Screen Shot 2018-10-31 at 12.20.18 AMPublic dismissiveness towards Chinatowns comes in many forms. While the obvious demolition and relocation of Chinatowns is detrimental to the communities, simply ignoring them have harmful consequences, as well. This can be demonstrated by the 1981 struggle against the lack of garbage clean up in New York’s Chinatown. The trash situation in the Chinatown was problematized in September of 1981 in the opinion section of the New York Times (pictured above).[16] As mounds of trash clogged the already cramped streets, residents of the New York Chinatown took action. Community leaders met with an assistant health commissioner, compiling a list of over 50 restaurants and stores that desperately needed garbage services.[17] It was not accountability on the state’s part, but proactive behavior of the residents that got the Health Department to certify that the garbage at the businesses posed a health hazard.[18] Only then did the city finally begin to pick up the trash. While this was a victory, over 30 years later garbage build-up remains an issue in the New York Chinatowns. A New York Times article from 2006 cited litter, broken sidewalks, and other sanitation issues as top concerns for residents of the Chinatown.[19]

~Current Conditions and Complications~

While the United States often acknowledges a discriminatory past, much of the current rhetoric on racism remains stuck in a black and white polarity, ignoring the current plight of Asian Pacific Americans.[20] This bias against Asian Americans as the “successful minority” even translates into scholarly work where Chinatowns are pictured as “thriving zones.” Wen, Lauderdale, and Kandula argue that “unlike the traditional concept of the inner city ethnic enclave, typically perceived as socioeconomically deprived urban neighborhoods concentrated with immigrants with little advanced skills and poor English proficiency, these ethnoburbs [Chinatowns] are characterized by high levels of education and affluence, a strong presence of residents with professional or managerial jobs, Chinese-owned business districts, high levels of Chinese participation in local politics, and a clear within-community social stratification.”[21] This purported success of Chinatowns is disproved by examining the current health and safety risks for the residents of today’s Chinatowns. Unfortunately, the effects of racial discrimination remain alive as environmental injustices in Chinatowns across the country.

Screen Shot 2018-10-31 at 12.20.37 AM

Chinatowns’ locations in primarily highly metropolitan areas has most definitely affected the air quality and exacerbation of asthmatic symptoms in children residing there. A study done within the Boston Chinatown indicated that 16% of the children had been diagnosed with Asthma, and roughly 3% showed symptoms but had not been diagnosed.[22] This statistic is contrasted with the [then] national rate of 5.6% of children between the ages of 5 – 14 being affected with asthma.[23] While minority residents of the inner-city are at higher risk for asthma, the children of the Boston Chinatown are particularly susceptible due to the limited access to healthcare and reliance on non-fluent parents, as well as facing a disproportionate amount of environmental hazards including air pollution, secondhand smoke, noise, construction, and trash.[24] Since the 1950s, massive highway constructionhas increased vehicle volume in the area, and likewise the number of traffic injuries. Moreover, the elementary school is at the southern border of the Boston Chinatown, adjacent to these two major highways – I-90 and I-93. A 2003 study by Tufts University School of Medicine suggests that “it is possible that the air pollution that surrounds the school is contributing to the prevalence and/or morbidity at the school.”[25]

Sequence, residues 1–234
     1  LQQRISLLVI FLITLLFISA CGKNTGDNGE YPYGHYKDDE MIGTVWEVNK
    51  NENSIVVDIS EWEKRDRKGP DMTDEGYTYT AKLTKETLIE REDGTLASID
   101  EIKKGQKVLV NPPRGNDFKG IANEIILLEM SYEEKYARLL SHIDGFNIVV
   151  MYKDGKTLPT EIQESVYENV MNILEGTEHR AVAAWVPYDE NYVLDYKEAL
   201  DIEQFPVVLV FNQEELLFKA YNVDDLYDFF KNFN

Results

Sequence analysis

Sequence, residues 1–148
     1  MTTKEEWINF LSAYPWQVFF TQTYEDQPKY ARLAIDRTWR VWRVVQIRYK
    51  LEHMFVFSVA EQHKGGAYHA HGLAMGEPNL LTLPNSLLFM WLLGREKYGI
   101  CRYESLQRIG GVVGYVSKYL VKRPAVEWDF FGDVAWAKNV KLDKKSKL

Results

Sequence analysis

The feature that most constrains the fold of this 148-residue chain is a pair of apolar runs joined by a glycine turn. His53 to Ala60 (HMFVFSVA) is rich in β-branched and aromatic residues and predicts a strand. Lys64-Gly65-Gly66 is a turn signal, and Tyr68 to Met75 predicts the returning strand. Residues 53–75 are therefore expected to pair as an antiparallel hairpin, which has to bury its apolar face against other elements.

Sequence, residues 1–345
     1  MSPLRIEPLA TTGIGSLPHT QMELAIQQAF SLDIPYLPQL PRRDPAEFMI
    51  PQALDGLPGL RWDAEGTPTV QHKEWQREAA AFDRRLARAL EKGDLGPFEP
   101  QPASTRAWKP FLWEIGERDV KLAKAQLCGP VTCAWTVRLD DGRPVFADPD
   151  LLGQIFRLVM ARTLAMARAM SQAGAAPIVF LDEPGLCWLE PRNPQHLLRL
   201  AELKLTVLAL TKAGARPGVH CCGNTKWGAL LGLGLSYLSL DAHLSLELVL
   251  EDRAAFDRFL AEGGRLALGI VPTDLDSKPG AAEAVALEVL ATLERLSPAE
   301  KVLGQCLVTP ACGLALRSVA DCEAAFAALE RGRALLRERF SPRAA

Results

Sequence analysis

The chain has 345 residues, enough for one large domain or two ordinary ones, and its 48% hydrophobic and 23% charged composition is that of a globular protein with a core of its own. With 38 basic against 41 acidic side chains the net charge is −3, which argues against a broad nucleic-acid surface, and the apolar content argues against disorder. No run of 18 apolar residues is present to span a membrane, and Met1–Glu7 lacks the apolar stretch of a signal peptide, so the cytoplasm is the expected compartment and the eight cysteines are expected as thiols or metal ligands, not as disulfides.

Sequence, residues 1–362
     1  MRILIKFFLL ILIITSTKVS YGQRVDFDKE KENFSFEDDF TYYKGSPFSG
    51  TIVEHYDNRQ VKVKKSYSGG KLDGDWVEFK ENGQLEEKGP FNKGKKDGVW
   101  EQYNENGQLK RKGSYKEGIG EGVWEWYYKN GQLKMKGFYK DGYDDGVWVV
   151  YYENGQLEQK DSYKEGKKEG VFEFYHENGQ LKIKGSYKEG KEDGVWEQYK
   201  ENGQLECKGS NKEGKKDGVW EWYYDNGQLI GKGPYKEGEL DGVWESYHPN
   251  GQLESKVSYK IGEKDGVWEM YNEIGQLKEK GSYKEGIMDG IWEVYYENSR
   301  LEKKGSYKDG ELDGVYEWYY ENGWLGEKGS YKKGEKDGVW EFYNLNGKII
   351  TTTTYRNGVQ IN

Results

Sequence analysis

While asthma is a particularly large problem for children, risks in the work environment are huge issues for the adults in the community. Exposure to these harmful conditions are less escapable for Chinatown residents than other minorities in blue collar jobs because they often live and work in the same place.[26] Many Chinese immigrants work for restaurants, small shops, and most notoriously, in sweatshops hidden in Chinatowns. Over half of all textile and apparel workers in the United States are Asian women. Garment workers in sweatshops face increased exposure to fiber particles, dyes, formaldehydes and arsenic, leading to high rates of respiratory illness.[27] A study conducted in San Francisco’s Chinatown showed that the restaurants, too, had dangerous environmental conditions with 82% lacking fully stocked first-aid kits, 52% lacking antislip mats, 37% lacking adequate ventilation, and 28% lacking adequate lighting.[28] According to a survey of restaurant workers, 95% earned less than a living wage, 50% made less than minimum wage, and only 3% received health insurance from their employers.[29] These hazardous conditions have called on environmental health agencies to enforce stricter regulations and incentives to prioritize safe working conditions.

As well as the work environment, other elements of daily life, including housing and dining, also hold components of environmental injustices for those in Chinatowns. Housing is a basic environmental issue because of the poor, substandard living conditions in tenement buildings. The walls are often lined with lead paint and the buildings are vermin infested, negatively affecting the health of residents.[30] Too often, poor tenants are not aware of the adverse consequences of lead exposure, or if they are they lack the power or resources to take appropriate action. Lead exposure becomes an issue in relation to dining, as well. A study conducted by the American College of Medical Toxicology found that the prevalence of lead-contaminated ceramics was far greater in Chinatowns than in Chinese communities outside of the Chinatown.[31] Exposure to lead-contaminated ceramics and possible consumption is especially concerning in a community that isn’t frequently tested for lead poisoning. Eating and drinking from lead-contaminated ceramics could leach into food and liquids and become a severe health risk.[32] The methods of gathering food for Chinese immigrants also pose environmental health concerns. Due to tradition and poverty, many Asian immigrants fish in waters with high mercury levels and other contaminants.[33] There is no adequate warning signage in non-English languages, though, leaving consumers (children and pregnant women in particular) unaware of the health concerns.